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Interactions between Cells and Nanoscale Surfaces of Oxidized Silicon Substrates

Authors: Chung-Yao Yang, J. Andrew Yeh, Lin-Ya Huang, Tang-Long Shen


The importance for manipulating an incorporated scaffold and directing cell behaviors is well appreciated for tissue engineering. Here, we developed newly nano-topographic oxidized silicon nanosponges capable of being various chemical modifications to provide much insight into the fundamental biology of how cells interact with their surrounding environment in vitro. A wet etching technique is exerted to allow us fabricated the silicon nanosponges in a high-throughput manner. Furthermore, various organo-silane chemicals enabled self-assembled on the surfaces by vapor deposition. We have found that Chinese hamster ovary (CHO) cells displayed certain distinguishable morphogenesis, adherent responses, and biochemical properties while cultured on these chemical modified nano-topographic structures in compared with the planar oxidized silicon counterparts, indicating that cell behaviors can be influenced by certain physical characteristic derived from nano-topography in addition to the hydrophobicity of contact surfaces crucial for cell adhesion and spreading. Of particular, there were predominant nano-actin punches and slender protrusions formed while cells were cultured on the nano-topographic structures. This study shed potential applications of these nano-topographic biomaterials for controlling cell development in tissue engineering or basic cell biology research.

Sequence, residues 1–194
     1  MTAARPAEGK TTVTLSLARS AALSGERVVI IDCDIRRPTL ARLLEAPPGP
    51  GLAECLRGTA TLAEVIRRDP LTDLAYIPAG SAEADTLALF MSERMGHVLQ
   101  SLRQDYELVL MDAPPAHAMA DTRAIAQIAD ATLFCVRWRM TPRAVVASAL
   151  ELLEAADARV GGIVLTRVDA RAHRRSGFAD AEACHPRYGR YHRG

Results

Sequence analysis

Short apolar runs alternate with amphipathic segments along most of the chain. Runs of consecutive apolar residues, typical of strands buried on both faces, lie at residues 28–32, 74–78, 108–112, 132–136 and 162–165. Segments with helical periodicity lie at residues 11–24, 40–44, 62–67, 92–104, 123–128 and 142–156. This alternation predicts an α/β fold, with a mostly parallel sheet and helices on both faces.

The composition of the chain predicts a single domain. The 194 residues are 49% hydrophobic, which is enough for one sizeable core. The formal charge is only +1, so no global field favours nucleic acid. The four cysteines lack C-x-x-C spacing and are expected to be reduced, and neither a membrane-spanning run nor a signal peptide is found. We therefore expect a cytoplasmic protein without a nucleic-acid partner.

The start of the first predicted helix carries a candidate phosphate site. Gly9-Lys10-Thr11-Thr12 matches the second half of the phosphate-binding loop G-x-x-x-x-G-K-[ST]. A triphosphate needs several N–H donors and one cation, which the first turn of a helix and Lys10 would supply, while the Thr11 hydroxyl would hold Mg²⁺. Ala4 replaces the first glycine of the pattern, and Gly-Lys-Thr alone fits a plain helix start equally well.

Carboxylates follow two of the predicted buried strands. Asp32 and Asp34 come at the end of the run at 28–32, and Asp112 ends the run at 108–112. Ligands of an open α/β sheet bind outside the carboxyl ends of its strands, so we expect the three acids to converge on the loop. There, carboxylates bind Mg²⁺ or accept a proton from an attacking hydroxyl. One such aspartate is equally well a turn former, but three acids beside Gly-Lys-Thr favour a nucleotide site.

Keywords: Cell Morphology, cell adhesion, Nanosponge

Digital Object Identifier (DOI):

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